"That's how he's always done it," Simms said, fairly glowing with pride over his superior and encyclopedic knowledge of the famous ways of the Chief. "Puts 'em up on wall, stares at 'em, broods and sulks and stares 'em down some more, and then one day, lo and behold, he's got the solution. Pretty bizarre, huh?"

Julian saw that Simms' last sentence was not merely rhetorical. He was actually waiting for a reply. And in an instant she could tell years' worth of office politics: that Simms and the others found the Chief and his methods exceedingly strange, and that they wanted Julian to find him strange also. Simms, she suddenly knew, was the emissary. Where did she stand?

She didn't want to offend them, but she didn't want them to place her in the wrong camp.

So she smiled. She smiled broadly, affectionately, winningly, a smile she'd called on plenty.

I know what you mean, that smile said.

You poor slobs don't know a police talent when you see one, the smile said.

The choice was theirs.

"What you are looking at, Miz Julian Palmer," said Chief Edwards, gesturing to the brutal pictures again, "is another matter — more serious than that of your gender — in which, it would seem, my thirty years' experience are failing me." He slurped the coffee as if it were life itself, and then, after having gulped half a cup, paused to smell it, as if checking it well after the fact for acceptability — or poison — before continuing. "Let me give you her resume. A bit less impressive perhaps, and a whole lot briefer, than yours. Sarah Langley. Twenty-one. Waitress. Single. Lived alone on Southside."

Which Julian knew already, from her quick self-tour aroundthe town the night before. Every older city, small or large, had its blighted section, it seemed, its cancerous cluster that police officers, like crude physicians, sought to contain, in vague worry over a rampant spreading. In a city like Canaanville, that was itself blighted, its "poorer" section was poorer than most.


Excerpted from "The Cold Truth"
by .
Copyright © 1999 Jonathan Stone.
Excerpted by permission of St. Martin's Press.
All rights reserved. No part of this excerpt may be reproduced or reprinted without permission in writing from the publisher.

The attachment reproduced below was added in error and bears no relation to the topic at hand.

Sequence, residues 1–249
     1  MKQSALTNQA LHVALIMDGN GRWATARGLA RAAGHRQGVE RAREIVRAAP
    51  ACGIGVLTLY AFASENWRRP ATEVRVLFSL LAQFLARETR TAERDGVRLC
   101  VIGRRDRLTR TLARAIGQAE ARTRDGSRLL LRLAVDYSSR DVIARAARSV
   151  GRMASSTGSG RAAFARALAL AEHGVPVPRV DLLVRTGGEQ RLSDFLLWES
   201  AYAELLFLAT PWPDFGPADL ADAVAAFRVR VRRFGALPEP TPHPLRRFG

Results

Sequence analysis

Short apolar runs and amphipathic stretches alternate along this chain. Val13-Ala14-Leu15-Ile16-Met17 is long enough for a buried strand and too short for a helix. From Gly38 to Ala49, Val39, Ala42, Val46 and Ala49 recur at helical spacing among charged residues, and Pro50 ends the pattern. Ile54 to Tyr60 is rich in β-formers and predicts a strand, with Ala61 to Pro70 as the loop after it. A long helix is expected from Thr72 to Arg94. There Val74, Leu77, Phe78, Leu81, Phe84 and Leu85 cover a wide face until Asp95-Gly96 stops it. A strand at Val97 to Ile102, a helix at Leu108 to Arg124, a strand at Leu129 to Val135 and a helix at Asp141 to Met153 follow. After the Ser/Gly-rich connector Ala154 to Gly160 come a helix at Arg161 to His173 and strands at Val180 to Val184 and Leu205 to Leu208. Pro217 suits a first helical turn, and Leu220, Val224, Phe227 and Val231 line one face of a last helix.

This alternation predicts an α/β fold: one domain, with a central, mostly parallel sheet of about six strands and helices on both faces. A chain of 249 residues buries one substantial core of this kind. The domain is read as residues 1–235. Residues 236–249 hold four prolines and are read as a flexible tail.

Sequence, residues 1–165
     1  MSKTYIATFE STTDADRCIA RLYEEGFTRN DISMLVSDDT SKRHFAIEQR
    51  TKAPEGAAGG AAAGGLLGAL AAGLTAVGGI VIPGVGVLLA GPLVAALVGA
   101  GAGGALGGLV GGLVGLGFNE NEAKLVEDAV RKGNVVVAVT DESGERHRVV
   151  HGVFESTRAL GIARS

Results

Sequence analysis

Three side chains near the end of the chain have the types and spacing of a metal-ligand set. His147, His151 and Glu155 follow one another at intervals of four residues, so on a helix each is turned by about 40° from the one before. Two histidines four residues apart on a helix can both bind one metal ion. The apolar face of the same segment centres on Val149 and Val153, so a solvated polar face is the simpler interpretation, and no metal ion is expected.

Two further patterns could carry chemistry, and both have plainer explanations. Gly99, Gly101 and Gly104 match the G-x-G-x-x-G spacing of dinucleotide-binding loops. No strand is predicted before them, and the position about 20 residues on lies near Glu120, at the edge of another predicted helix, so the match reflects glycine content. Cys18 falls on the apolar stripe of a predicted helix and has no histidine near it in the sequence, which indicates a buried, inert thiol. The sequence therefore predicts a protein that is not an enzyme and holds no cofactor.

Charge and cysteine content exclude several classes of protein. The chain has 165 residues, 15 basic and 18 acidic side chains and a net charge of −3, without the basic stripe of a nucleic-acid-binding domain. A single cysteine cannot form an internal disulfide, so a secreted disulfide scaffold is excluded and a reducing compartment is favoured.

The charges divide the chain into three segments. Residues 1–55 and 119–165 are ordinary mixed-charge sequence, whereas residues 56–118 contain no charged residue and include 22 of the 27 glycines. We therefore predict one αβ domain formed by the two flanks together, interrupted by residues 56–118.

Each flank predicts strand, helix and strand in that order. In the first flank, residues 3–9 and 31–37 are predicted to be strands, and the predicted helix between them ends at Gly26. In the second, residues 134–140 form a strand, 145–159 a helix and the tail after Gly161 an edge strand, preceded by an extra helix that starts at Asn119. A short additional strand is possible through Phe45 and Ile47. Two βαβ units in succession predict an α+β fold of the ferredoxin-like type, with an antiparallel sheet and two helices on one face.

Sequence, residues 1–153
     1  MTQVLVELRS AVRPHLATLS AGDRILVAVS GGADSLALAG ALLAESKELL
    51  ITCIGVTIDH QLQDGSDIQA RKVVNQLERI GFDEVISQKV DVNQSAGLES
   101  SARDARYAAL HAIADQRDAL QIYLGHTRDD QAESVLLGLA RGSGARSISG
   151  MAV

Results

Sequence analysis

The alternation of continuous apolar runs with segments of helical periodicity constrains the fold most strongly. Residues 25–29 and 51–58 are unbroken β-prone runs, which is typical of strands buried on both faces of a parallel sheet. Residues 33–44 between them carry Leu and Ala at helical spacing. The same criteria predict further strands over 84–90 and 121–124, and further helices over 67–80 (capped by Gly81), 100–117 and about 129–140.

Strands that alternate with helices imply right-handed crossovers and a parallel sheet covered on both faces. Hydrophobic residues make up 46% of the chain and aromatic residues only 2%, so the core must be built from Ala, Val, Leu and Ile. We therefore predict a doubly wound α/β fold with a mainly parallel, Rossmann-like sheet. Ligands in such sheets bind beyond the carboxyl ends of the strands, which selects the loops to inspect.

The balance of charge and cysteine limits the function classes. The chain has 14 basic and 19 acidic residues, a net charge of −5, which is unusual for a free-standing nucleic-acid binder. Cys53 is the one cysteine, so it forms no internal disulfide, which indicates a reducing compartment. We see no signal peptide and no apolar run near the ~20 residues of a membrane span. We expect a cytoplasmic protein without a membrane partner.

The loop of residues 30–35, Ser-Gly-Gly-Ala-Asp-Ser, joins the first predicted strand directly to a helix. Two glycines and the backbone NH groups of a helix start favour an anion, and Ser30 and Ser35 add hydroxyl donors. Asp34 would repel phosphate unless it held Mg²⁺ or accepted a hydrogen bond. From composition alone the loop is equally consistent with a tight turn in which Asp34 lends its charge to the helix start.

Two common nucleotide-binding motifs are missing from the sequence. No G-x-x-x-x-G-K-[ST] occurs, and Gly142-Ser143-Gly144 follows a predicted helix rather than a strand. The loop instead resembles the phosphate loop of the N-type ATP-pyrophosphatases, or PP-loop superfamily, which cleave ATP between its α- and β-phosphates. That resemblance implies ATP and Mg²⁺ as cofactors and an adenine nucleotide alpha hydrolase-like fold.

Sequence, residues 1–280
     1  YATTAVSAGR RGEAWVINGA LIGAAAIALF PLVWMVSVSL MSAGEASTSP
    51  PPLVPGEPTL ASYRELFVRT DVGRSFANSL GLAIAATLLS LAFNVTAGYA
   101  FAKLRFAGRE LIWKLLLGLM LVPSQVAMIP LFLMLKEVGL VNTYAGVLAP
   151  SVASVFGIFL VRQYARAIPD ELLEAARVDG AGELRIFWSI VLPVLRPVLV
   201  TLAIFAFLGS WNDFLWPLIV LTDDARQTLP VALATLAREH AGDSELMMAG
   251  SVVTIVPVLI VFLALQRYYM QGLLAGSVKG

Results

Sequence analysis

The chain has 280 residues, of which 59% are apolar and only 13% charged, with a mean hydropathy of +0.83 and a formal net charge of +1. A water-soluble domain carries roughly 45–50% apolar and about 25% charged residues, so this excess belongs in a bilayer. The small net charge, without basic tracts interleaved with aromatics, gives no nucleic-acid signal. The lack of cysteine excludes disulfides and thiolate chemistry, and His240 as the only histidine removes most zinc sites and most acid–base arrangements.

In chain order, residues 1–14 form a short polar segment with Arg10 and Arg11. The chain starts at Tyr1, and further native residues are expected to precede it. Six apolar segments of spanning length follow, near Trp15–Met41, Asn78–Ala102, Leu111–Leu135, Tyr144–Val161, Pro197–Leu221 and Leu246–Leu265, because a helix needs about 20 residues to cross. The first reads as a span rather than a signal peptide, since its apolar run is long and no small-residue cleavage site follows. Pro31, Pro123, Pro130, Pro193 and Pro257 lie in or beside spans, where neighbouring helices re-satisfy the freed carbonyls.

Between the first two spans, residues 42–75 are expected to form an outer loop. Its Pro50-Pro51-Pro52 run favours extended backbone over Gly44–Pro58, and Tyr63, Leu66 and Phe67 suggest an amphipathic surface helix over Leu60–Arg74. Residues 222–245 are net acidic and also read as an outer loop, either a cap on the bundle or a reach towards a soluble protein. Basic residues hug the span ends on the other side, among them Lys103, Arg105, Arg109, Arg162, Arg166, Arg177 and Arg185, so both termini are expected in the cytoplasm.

Excerpts are provided by Dial-A-Book Inc. solely for the personal use of visitors to this web site.

Table of Contents

What People are Saying About This

Ian Rankin

Fast Furious, mazey and gothic, with a solution as chilling as an upstate New York winter. This is prime entertainment.
—Ian Rankin, Gold Dagger-winning author of Black and Blue and The Hanging Garden

Leslie Glass

A spooky winner. This shiver delivers.
—Leslie Glass, nationally best-selling author of Judging Time

T. Jefferson Parker

Jonathan Stone's The Cold Truth is a strong debut. It's smart, fast, and light on its feet. Stone has a gift for the whodunit, and he takes delight in spinning heads, playing with our emotions and our intellects, surprising us. I enjoyed The Cold Truth--it's clever, bold, and a little nasty.
—T. Jefferson Parker, best-selling author of Laguna Heat

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Cold Truth 3 out of 5 based on 0 ratings. 4 reviews.
Guest More than 1 year ago
I believed the hype and read this book, but was sorely disappointed. First of all, it is NOT a police procedural. In fact, these are the dumbest and most inept cops I have ever seen. We get no feeling for the daily routine of the police force in town. They conduct no interviews, gather no evidence, do no research of any kind on the murder. We get no information on the victim's life, friends, family, daily routine, or interactions with the town. THe book is basically a psychological love story with a murder thrown in. The characters are interesting but they lack depth. There are some interesting plot twists but the murderer is broadcast way too early. A pet peeve: This book is short, less than 300 pages, but is broken down into more than 30 chapters. Some are as short as 3 pages. While some readers may enjoy this fast style, I don't. It's too choppy, and no mood or tempo is ever set. Each chapter is a single scene and the whole books is disjointed. Another 100 pages or so of good detail on the town, the police and its investigation, really would make a very strong novel. OVERALL I would recommend this book perhaps for a plane trip for a quick escapist read. Maybe Stone's second book will be better.
Guest More than 1 year ago
This cannily constructed thriller is driven by sharply drawn, compelling characters and a rocketing plot, propelled by taut, lean prose. Stone packs in enough possibilities, twists, and suspects (and the novel has echoes of the film 'The Usual Suspects') for at least several novels, but it's delivered with clarity, precision, and cool assurance. Readers will finish this book with grim pleasure and satisfaction, look up and wonder where the time went--and then look forward to Stone's next book, where several familiar faces will gratifyingly reappear.
Anonymous More than 1 year ago
An ok read, somewhat hard to follow
Guest More than 1 year ago
The book overall wasn't too bad, but the ending wasn't to my liking. The setting was great. A small town, snow falling all the time and a gruesome murder to be solved. The book could have been much better.